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Matt: Hi, it’s Matt Plessner, and welcome back to Trademark Law Radio. Today’s subject is non-compete litigation and the importance of knowing your Judge. To talk with us about that today, we welcome back Attorney at Law Mark Clark from Traverse Legal Office of Traverse City, Michigan. Mark, it’s nice to have you back.
Mark: Good morning, Matt.
Matt: Well, good morning to you. Let’s start off by talking about what is non-compete litigation, Mark?
Mark: Well Matt, non-compete litigation is the situation where, either as an employer or an employee, a lawsuit is initiated concerning what we call a non-compete agreement. A non-compete agreement is an agreement signed by an employee, where the employee agrees for a period of time and in a geographic region not to offer competitive goods or services to a competitor for a period time. These are popular tools anymore for employers to be able to protect some of their business interests, client and customer lists, as well as trade secrets, in the event they lose an employee to a competitor. When the employee leaves, if the employee ends up at a competitor, often times if there is a non-compete in place and the employee persists in their employment with the competitor, we end up with non-compete litigation.
Matt: And so, if you find yourself in such a situation, you know, the subject of today is to know your judge. Let’s talk about what that means exactly. How do you go about, I guess, getting to know who the judge is and, I guess, kind of feeling out what they think of non-compete stuff … how do you go about doing this, Mark?
Mark: Whether you are an employee that ends up in non-compete litigation or an employer that ends up in non-compete litigation, it is important to know the tendencies and propensities of your judge, so that you can make realistic goals and expectations with respect to where you want to end up in litigation. In most states, a non-compete will only be found to be valid if it is both reasonable in terms of geographic scope and time duration. Whenever you interject the component of reasonableness into a Court’s analysis, it provides the judge with more discretion than in some cases to decide the case. I have personally been involved in non-compete cases where judges have expressly advised their views where the judge says, “I am not a big fan of non-competes”. In other cases I have been involved in, judges take the view that, “A contract is a contract and it may seem unfair but too bad.” In most non-compete cases, there is usually the issue of a preliminary injunction, which is always decided in a non-compete case by the judge up front. It often decides the case at an early stage or has the practical effect of deciding your non-compete case at an early stage. So knowing your judges’ tendencies and propensities are important up front. Now, there are several ways to do this. Often times, a judge by reputation will telegraph their tendencies or their views concerning non-competes. The other good way to do this, since non-competes have been around for a while, is to go online to see and review the judge’s reported decisions in non-compete cases. Those, as I say, are often available online. Often when you read the non-compete cases authored by the judge, you’ll get a good sense where the judge stands and what the judge’s views are relative to the whole issue of the enforcement of non-competes.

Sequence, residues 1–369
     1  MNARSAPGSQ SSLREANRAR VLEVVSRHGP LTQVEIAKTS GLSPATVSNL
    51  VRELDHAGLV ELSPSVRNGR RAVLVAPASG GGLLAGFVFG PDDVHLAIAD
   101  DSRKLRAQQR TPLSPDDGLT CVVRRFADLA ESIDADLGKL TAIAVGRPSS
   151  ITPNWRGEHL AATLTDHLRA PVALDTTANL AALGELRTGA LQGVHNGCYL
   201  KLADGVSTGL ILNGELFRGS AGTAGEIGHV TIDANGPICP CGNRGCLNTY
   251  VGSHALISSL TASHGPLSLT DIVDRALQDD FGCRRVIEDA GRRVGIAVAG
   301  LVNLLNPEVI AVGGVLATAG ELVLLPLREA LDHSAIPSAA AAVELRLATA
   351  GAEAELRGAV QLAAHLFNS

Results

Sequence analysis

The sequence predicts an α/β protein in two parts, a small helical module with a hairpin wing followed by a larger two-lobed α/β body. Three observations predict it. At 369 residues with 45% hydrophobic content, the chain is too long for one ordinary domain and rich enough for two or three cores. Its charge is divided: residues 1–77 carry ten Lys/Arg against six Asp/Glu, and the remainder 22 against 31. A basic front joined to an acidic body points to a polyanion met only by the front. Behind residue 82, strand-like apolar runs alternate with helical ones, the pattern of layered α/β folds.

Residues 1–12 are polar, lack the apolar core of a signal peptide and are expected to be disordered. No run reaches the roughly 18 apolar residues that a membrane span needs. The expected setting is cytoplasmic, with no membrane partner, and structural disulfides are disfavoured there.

Matt: And it sounds like this has been beneficial, not just to the person in at trial, but also the lawyer involved in how to conduct the case, right?
Mark: Absolutely, knowing your judge up front assists a non-compete lawyer in setting reasonable expectations for the client with respect to what the goals of the litigation should be. It is very important to have an experienced non-compete lawyer who can help you do your research and find out where your judge stands so that you can have a good outcome in the end, whether you are afforded all of the relief you are seeking or you are afforded a reasonable amount of the relief that you are seeking in light of the judge that you draw. It is always advisable to know up front what your reasonable expectations and goals should be so that you can achieve the most that you can, whether it be as an employee or an employer in any non-compete litigation. So it is important to have an experienced non-compete lawyer assist you in the event you end up in non-compete litigation.
Matt: Mark, as always, I want to thank you for coming by, and, of course, talking about to us about non-compete litigation.
Mark: Matt, it is as always a pleasure. Thank you very much for having me.
Matt: Not a problem and we will see you next time on Trademark Law Radio. I am Matt Plessner.
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